Over in monitorworld, Douglas provides 25 mixes variously through in-ears and wedges around the stage, mixing on a Yamaha CL5 console. “We have 24 channels of wireless out here, and setting that up can be the hardest part of the day,” he said. “Some days I’m fighting to find room and other days, it’s easy. It’s all Shure PSM 1000s for the in-ears with JH Audio ear buds, and then we use the Shure UR4Ds for the mics and the horns.”

Setzer eschews in-ears, opting for four wedges, with two in front providing vocals, and both outer wedges and Vue Audiotechnik side-fills serving up some guitar, piano and rhythm section. In-ear mixes go to one of the background singers; Tim Messina, musical director and fourth sax; Kevin McKendree, a newly added piano player; and the drummer, who alternates with a wedge. “The saxes all share a PreSonus [HP4] headphone amp and they share a mix of just themselves and little of the others. It’s the same with the trombones—but the trumpets don’t want anything. I tried a hardwire mix on one of the trumpet players the other night and he had a hard time, getting tangled up, so they go without.”

Key to the Brian Setzer Orchestra’s sound, of course, is Brian Setzer—specifically his guitar. Capturing every lightning-quick run up and down the fretboard are a variety of mics. “On Brian’s amp, I use a Shure KSM32 and an SM7B, the big broadcast vocal mic,” said Hartung. “I like the combination of a condenser and a dynamic, because it gives me a different texture, flavor. The reality is that even though Brian’s tone is loud, it’s good tone that’s very consistent. There’s no curveballs ever thrown when it comes to that, so I use a condenser and a dynamic, and they blend well.”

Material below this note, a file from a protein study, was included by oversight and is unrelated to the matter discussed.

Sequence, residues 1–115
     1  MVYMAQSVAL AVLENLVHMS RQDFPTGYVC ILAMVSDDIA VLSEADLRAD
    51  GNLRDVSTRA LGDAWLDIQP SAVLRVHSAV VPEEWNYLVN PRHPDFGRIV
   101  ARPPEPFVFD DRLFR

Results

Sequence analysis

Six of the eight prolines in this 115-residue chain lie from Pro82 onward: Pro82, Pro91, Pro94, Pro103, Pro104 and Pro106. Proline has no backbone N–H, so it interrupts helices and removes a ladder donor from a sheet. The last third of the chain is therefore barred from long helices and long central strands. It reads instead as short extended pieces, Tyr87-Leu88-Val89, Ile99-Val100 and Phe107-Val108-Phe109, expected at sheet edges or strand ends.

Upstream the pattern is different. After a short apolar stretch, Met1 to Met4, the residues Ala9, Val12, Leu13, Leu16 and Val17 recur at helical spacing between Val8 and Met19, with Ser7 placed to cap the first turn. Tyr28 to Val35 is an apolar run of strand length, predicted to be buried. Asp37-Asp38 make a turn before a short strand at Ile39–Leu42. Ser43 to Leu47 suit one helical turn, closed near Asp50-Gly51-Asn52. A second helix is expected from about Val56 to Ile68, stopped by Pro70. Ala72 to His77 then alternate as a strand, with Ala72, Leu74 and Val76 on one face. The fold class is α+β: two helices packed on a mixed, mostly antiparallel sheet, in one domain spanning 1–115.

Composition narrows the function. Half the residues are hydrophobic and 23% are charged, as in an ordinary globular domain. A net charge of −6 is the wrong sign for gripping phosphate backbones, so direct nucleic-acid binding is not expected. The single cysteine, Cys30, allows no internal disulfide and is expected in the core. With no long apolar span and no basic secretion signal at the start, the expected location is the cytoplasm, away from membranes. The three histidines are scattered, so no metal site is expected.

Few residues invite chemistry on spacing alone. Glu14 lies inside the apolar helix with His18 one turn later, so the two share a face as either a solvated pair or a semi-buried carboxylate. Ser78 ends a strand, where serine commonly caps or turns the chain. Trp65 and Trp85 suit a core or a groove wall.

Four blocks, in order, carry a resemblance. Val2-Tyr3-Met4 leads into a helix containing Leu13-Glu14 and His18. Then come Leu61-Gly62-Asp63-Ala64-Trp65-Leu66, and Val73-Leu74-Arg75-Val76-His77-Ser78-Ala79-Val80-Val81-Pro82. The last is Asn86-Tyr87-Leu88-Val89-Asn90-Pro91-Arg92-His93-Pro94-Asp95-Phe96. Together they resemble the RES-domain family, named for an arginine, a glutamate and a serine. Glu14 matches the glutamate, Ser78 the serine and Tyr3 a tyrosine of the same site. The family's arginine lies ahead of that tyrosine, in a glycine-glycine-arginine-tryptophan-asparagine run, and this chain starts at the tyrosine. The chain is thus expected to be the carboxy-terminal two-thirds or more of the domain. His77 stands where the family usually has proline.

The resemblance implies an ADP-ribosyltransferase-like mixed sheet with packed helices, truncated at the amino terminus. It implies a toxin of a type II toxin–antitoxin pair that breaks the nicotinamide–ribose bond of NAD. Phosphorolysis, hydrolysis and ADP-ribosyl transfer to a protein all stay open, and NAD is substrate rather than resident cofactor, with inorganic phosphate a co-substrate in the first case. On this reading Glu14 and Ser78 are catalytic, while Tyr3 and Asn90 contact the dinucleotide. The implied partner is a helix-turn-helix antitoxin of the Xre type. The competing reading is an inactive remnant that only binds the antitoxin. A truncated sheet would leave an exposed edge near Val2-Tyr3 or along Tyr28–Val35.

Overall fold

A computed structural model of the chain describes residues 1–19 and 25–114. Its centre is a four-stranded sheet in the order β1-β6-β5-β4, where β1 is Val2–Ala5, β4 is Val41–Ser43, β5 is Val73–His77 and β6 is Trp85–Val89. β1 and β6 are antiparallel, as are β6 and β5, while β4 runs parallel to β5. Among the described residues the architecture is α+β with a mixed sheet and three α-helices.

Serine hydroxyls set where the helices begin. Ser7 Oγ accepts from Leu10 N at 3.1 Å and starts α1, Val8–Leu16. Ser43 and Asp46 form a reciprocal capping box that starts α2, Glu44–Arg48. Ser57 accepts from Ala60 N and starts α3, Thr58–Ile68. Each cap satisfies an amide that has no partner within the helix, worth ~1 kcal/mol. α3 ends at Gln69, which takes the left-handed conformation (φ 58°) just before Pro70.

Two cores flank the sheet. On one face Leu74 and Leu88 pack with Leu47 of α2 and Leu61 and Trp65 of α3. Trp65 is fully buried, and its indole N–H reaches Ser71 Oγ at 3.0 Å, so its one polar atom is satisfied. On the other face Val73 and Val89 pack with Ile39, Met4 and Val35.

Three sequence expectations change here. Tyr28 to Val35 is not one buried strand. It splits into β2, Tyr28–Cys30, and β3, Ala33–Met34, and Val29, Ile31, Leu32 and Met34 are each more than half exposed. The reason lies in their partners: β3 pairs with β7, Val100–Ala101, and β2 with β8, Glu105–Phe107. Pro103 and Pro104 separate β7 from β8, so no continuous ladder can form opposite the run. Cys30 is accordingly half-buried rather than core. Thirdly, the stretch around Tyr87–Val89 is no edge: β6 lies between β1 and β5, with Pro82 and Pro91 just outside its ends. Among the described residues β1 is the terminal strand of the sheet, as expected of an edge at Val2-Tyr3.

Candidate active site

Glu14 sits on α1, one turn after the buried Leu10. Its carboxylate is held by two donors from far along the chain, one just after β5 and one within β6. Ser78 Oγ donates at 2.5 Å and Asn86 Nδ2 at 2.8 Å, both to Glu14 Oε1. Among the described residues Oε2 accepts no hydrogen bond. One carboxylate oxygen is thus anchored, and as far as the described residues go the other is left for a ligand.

All vocals are captured with Shure SM58s. while the drums are heard via a selection of Shure and Audix mics. “On the kick, there’s an SM91—not a Beta because I like the SM91/D6 combination; you can’t go wrong with it,” said Hartung. “I always use the Audix D2 on snare; it wasn’t designed for that, but I love it. Then there’s D2s on rack toms, D4s on floor toms, AKG 414s on overheads, Sennheiser MD-441 on snare bottom, and KSM137s on high hat.”

The horn players all use wireless mic setups with Shure WB98H/C capsules, while the glockenspiel is heard via a Sony ECM 54P “Nobody uses it, but it’s just a gem of a mic,” said Hartung. “We have all Radial JDIs and J48s.There’s Shure VP88s at FOH, just to capture the stereo mix of the audience because we record every night.”

While the tour’s pace can be tough—not to mention the timing, being that it’s across the holidays, taking everyone far from home—both Hartung and Douglas readily admit the spirit of the production makes it worthwhile. “It’s such good people out here,” said Douglas. “The crew is great, same with the band, and it goes all the way to the top to Brian. We enjoy doing it—and it’s a great show. I get the chills every night just watching it, being a part of it.”